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Penn History

Origins Under James Wilson

The Law School‘s origins can be traced to the founding of the Republic. In 1790 the first law lectures at Penn (then known as the College of Philadelphia) were delivered by James Wilson, a signer of the Declaration of Independence with Madison the major architect of the Federal Constitution, and one of the six original justices of the United States Supreme Court.

Justice Wilson “was commonly accepted in a nation already much dominated by lawyers as the most learned and profound legal scholar of his generation.” His lectures, presented in 1790 and 1791 at Penn’s first campus on Fourth Street, offered a wide-ranging comparative and critical analysis of legal systems past and present. Drawing upon epistemology and political theory, Wilson’s instruction included such diverse subjects as natural law, common law, and international law, and culminated in a close examination of the new American Constitution. Wilson’s lectures were not only detailed but remarkably farsighted. His ideas “more nearly foreshadowed the national future than those of any of his well-remembered contemporaries. None of them–not Hamilton, or Jefferson, or Madison, or Adams, or Marshall–came so close to representing in his views what the United States was to become.” The lectures were delivered to an audience of students and notables that included President Washington, Vice President Adams, and many members of the Cabinet and Congress. Wilson supplemented his lectures with moot courts and moot legislatures for the students.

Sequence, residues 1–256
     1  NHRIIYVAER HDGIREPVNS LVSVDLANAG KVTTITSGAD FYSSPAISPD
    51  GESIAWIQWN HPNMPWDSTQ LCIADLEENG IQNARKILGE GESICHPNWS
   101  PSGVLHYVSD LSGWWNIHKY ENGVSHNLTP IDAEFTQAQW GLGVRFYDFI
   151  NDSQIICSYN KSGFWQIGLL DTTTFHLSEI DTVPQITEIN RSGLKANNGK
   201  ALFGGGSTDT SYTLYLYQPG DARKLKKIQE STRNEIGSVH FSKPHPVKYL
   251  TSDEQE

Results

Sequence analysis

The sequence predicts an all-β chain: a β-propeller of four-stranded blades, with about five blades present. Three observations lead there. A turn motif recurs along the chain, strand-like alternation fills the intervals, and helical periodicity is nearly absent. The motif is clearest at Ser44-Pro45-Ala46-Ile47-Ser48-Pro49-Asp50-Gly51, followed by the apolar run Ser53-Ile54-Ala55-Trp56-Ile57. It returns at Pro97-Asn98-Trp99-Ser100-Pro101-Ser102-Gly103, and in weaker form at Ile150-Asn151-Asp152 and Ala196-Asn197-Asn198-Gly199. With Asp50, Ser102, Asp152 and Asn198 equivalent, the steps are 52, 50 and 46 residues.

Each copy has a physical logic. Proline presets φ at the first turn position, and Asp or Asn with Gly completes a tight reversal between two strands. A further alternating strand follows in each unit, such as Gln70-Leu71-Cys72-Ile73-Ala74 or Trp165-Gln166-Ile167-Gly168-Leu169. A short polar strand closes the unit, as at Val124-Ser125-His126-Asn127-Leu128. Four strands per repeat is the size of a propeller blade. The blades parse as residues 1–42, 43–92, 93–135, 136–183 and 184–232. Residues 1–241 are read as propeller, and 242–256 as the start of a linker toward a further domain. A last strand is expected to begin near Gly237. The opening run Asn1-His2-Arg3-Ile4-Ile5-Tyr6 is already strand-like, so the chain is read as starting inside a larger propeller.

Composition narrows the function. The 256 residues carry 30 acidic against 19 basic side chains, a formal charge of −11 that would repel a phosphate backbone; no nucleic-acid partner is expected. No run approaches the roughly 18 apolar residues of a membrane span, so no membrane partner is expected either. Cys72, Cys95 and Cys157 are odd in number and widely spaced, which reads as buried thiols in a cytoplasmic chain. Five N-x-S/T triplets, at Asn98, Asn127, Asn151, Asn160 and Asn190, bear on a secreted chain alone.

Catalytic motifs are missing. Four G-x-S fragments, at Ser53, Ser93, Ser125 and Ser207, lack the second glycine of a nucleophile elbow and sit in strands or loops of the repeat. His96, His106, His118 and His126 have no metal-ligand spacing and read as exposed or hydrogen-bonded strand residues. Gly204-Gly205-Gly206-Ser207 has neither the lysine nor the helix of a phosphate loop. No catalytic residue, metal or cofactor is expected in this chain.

The personal misfortunes of Wilson, a brilliant but paradoxical man, led to an early termination of his lectures and his untimely death. His observations on the purposes of legal studies are as applicable today as when he delivered them. He looked beyond the law to the most profound problems of human life. Wilson dismissed the concept of legal education as “disagreeable” or “perplexed,” wrapped in “a language unknown to all but those of the profession.” Instead, he described law an “historical science” based on “metaphysics” (by which he meant essentially what today is called psychology).

Wilson’s concept of law was harmonious with the philosophies of the College which Benjamin Franklin had founded some fifty years earlier. The University of Pennsylvania, both in law an in other disciplines, explored new horizons from its earliest days. The University introduced such subjects as applied mathematics, political science, and economics; it provided a multidisciplinary education before such a term existed. Beyond offering Professor Wilson’s law lectures, it established the first Medical School and developed the now-accepted concept of a teaching hospital.

George Sharwood Establishes the Law School

After this auspicious beginning, legal education at the University was neglected for more than half a century, until George Sharswood, in 1850, was elected professor of law. He originated a broad, two-year course of study embracing subjects such as international law, constitutional law, corporations, mercantile and real estate law, and jurisprudence. Two years later the Department of Law was formally established and the faculty expanded to three. Sharswood was named dean, a position he held until his elevation to the Supreme Court of Pennsylvania eighteen years later.